In 1937, the Soviet communist regime accused Ukrainian Catholic woman Janina Jandulska of directing a “subversive political organization.” The only organization that she was involved in, however, was a Living Rosary prayer group, which she had joined at the age of 30. Nonetheless, the absurd accusation of subversive political activism led to her being imprisoned and killed. Her story was told in The God of the Gulag: Volume One: Martyrs in an Age of Revolution by Jonathan Luxmoore.
Janina lived with her mother in the Ukrainian town of Wierzboviec. The Soviets, in the name of their atheist Communist ideology, had set about shutting down seminaries and arresting priests, so many people under Communist rule began to participate in Catholic groups organized by lay people to teach catechism and offer spiritual and moral support to the community. Under these circumstances, Janina joined the Living Rosary.
Although she was aware of the risks, Janina agreed to host a meeting of the Living Rosary at her home. Unfortunately, the Communist authorities got wind of it, and Janina was arrested.
Here is a record of the questions the prosecutor asked her, as reported in the National Catholic Register:
“‘Are you head of the Rosary?’
‘Yes, I am the head of the Living Rosary. But it isn’t an organization – we simply pray to God.’
‘How many of you are there?’
‘Fifteen! And you say it isn’t an organization. Who recruited you, and who sends you literature?’
The prosecutor did not accept Janina’s reply that the Living Rosary simply met to pray to God; and, in any event, he reminded her:
‘But there is no God!’
‘For you there is no God, but for us God exists.’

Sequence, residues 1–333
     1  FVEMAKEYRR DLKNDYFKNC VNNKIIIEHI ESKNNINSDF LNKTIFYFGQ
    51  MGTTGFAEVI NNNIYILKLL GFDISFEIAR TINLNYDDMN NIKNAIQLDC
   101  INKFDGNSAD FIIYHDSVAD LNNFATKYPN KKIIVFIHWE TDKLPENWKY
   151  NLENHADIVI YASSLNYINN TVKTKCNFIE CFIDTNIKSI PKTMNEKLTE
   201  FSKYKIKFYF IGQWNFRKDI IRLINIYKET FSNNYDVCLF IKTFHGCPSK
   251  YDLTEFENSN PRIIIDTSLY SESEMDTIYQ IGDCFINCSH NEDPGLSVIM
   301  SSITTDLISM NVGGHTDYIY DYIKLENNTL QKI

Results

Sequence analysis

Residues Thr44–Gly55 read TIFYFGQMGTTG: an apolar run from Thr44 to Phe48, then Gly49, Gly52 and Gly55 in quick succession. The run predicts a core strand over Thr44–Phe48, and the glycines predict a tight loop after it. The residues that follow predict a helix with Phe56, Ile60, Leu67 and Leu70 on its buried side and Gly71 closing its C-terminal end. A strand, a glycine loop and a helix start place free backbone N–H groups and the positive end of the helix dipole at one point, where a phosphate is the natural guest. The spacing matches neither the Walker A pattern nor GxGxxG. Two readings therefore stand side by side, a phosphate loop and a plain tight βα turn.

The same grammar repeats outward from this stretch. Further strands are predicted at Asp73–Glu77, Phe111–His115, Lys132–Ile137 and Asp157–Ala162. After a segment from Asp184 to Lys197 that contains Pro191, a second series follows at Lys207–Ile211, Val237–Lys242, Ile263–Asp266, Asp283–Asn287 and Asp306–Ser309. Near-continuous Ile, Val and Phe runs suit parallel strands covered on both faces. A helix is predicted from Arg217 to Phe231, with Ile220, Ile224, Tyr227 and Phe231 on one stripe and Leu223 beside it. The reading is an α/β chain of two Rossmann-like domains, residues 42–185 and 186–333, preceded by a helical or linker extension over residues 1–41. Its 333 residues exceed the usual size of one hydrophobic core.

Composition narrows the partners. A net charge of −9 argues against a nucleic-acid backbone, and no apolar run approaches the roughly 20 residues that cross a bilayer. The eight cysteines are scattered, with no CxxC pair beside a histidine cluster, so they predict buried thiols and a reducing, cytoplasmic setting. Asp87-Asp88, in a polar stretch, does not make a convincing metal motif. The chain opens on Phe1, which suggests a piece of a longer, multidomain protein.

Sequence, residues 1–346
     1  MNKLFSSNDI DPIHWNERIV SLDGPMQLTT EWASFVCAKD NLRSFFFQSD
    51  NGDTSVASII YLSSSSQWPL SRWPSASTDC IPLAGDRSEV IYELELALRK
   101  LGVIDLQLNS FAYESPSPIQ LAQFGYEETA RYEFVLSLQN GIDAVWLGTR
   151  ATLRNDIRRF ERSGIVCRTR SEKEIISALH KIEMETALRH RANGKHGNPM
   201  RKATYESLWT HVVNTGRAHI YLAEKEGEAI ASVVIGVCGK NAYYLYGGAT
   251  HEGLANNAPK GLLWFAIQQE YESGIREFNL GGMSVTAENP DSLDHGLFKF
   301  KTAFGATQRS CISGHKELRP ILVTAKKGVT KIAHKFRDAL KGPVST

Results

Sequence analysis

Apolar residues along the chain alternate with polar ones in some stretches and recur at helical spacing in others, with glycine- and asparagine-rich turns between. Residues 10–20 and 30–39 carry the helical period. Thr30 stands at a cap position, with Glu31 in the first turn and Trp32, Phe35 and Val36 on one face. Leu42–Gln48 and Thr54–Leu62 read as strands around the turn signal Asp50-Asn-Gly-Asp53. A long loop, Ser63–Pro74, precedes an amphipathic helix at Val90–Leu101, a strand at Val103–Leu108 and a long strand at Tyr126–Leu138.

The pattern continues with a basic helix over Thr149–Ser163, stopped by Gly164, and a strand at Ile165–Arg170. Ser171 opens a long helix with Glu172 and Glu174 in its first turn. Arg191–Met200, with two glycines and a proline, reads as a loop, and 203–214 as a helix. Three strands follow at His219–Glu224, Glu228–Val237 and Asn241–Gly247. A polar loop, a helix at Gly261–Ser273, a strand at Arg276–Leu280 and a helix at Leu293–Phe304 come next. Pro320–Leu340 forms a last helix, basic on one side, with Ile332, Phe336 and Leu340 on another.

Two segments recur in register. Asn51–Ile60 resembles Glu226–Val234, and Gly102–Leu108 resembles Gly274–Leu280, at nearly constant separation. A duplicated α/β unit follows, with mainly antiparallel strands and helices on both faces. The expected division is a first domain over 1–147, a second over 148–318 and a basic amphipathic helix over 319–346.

The prosecutor looked at this poor disabled woman in front of him, and, perhaps with glee pointed out: ‘But you are here now (so) who will replace you?’
‘Someone who believes in God.’”
She was taken away and shot as she sat in her wheelchair. Shortly afterwards, her mother was informed that her daughter had died of a “liver infection.” Eventually, however, the truth surfaced. Today, Janina’s picture hangs in a Catholic church in her hometown, where she is honored as a martyr of the faith.
Today, Christians continue to face persecution; ordinary men and women like Janina suffering for their faith at the hands of radical extremist Muslims, Hindu extremism, oppressive Communist governments, etc. For example, despite attempts at diplomacy, the Chinese government destroyed two Marian shrines last year and in 2019 has continued its destructive campaign against Catholics who resist joining the state-sanctioned Patriotic Association. In Syria, Islamist terrorists recently killed a priest who had remained with the persecuted Catholic population, although more than a million Christians have fled in recent years.
We must not forget to pray for them and to support them in whatever way we can. We are one Body in Christ, bound together in the Spirit despite geographical distance and cultural differences.
Martyrs are everywhere today, says Pope Francis, and we should imitate them with our daily self-denials
Though this holy priest died of cancer, here’s why he’s recognized as a martyr of Communist Poland